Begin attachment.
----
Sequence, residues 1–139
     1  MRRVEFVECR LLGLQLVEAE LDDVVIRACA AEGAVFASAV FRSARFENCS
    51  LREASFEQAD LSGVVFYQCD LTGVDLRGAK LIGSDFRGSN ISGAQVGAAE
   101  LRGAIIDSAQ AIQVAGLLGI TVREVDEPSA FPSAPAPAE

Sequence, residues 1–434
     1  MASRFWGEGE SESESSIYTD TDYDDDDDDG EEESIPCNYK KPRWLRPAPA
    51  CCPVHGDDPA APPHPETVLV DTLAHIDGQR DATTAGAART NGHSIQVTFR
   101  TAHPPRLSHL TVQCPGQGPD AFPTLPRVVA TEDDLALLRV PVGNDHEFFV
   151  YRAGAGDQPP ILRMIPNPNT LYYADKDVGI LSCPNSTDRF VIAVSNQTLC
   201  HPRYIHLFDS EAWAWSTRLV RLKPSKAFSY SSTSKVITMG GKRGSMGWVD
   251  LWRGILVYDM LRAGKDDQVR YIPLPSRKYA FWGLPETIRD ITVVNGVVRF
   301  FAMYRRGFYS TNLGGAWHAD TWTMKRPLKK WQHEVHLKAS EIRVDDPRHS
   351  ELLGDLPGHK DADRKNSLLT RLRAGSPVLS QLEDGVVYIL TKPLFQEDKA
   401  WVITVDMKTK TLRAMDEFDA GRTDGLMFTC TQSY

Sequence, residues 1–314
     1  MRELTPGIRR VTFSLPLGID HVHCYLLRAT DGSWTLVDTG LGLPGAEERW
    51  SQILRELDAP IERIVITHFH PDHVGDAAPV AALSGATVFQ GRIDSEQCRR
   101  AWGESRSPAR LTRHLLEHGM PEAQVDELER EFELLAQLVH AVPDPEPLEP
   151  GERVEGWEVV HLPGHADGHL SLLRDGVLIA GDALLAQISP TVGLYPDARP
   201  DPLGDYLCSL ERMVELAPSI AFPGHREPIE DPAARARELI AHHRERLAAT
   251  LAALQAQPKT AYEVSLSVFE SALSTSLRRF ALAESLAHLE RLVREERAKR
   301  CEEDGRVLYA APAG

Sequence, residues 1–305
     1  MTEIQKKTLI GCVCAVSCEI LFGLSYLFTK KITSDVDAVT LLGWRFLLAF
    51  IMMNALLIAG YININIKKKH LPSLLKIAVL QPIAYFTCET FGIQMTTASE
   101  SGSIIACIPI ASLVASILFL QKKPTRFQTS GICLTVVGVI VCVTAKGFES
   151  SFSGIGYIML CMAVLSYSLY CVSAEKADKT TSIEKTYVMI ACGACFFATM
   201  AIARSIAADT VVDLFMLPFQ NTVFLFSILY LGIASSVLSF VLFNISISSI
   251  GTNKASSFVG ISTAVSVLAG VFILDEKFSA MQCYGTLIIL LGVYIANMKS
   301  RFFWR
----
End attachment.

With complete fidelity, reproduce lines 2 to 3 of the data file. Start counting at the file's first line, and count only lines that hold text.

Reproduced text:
     1  MRRVEFVECR LLGLQLVEAE LDDVVIRACA AEGAVFASAV FRSARFENCS
    51  LREASFEQAD LSGVVFYQCD LTGVDLRGAK LIGSDFRGSN ISGAQVGAAE